User selects target overall false positive rate Ftarget.
P = set of positive examples
N = set of negative examples
F0 = 1.0; D0 = 1.0; i = 0
While Fi > Ftarget
i++
ni = 0; Fi = Fi-1
while Fi > f x Fi-1
o ni ++
o Use P and N to train a classifier with ni features using AdaBoost
o Evaluate current cascaded classifier on validation set to determine Fi and Di
o Decrease threshold for the ith classifier until the current cascaded classifier has
a detection rate of at least d x Di-1 (this also affects Fi)
N=
If Fi > Ftarget then evaluate the current cascaded detector on the set of non-face
images and put any false detections into the set N.
Experiments (dataset for training)
• 4916 positive training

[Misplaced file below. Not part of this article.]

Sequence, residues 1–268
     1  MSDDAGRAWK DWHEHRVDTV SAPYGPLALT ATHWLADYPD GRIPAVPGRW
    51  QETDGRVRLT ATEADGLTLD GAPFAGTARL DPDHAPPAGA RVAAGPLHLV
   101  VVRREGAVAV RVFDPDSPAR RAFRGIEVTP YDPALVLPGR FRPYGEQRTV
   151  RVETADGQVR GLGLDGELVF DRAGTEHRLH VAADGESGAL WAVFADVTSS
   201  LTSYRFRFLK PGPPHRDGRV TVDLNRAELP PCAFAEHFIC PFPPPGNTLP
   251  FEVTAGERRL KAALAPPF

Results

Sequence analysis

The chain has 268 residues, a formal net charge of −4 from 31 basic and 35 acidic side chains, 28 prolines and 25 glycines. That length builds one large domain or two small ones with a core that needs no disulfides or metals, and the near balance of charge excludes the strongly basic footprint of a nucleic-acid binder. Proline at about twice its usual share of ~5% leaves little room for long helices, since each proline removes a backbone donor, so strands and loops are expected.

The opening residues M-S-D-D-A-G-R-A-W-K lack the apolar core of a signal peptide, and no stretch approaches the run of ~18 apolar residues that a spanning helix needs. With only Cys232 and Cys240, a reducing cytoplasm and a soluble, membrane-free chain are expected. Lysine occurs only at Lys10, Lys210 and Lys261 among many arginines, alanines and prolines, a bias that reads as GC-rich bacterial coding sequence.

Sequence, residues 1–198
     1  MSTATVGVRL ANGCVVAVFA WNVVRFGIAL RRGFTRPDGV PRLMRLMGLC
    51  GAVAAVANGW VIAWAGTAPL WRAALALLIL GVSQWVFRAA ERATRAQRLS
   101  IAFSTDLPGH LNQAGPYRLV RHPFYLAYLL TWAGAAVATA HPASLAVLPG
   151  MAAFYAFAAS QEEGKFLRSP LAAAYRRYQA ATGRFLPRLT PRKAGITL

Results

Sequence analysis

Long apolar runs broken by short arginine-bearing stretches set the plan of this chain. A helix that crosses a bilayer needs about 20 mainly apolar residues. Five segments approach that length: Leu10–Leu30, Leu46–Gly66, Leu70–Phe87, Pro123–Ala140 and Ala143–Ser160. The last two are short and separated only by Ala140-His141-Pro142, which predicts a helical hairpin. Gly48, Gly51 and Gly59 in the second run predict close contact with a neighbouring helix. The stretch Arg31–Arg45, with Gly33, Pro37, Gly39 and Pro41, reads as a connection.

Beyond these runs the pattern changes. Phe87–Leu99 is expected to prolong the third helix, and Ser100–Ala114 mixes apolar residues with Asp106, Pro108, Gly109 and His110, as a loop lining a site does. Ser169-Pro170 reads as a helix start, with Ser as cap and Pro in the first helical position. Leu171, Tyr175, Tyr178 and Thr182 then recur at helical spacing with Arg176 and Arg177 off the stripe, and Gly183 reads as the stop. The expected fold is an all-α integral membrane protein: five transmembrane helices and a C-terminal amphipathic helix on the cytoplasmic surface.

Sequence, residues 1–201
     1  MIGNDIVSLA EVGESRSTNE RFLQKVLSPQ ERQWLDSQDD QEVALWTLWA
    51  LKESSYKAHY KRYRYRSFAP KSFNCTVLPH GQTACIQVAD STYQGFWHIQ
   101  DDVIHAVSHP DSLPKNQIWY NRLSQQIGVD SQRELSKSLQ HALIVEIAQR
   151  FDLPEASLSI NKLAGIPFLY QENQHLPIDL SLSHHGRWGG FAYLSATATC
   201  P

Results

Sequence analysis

example were hand picked
aligned, normalized, and
scaled to a base resolution
of 24x24
• 10,000 negative examples
were selected by randomly
picking
sub-windows
from 9500 images which
did not contain faces
Experiments cont.
(structure of the detector cascade)
• The final detector had 32 layers and 4297 features total
Layer number
Number of feautures
Detection rate
Rejection rate
1
2
100%
60%
2
5
100%
80%
3 to 5
20
-
6 and 7
50
-
8 to 12
100
-
13 to 32
200
-
• Speed of the detector ~ total number of features evaluated
• On the MIT-CMU test set the average number of features evaluated is
8 (out of 4297).
• The processing time of a 384 by 288 pixel image on a conventional
personal computer about .067 seconds.
• Processing time should linearly scale with image size, hence
processing of a 3.1 mega pixel images taken from a digital camera
should approximately take 2 seconds.
Operation of the face detector
• Since training examples were normalized, image subwindows needed to be normalized also. This
normalization of images can be efficiently done using two
integral images (regular / squared).
• Detection at multiple scales is achieved by scaling the